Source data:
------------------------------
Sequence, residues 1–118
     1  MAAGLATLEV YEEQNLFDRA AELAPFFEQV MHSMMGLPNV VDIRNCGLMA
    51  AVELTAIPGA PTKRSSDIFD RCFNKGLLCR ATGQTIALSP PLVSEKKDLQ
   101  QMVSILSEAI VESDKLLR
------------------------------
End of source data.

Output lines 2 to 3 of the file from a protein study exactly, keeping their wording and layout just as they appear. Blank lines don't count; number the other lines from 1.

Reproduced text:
     1  MAAGLATLEV YEEQNLFDRA AELAPFFEQV MHSMMGLPNV VDIRNCGLMA
    51  AVELTAIPGA PTKRSSDIFD RCFNKGLLCR ATGQTIALSP PLVSEKKDLQ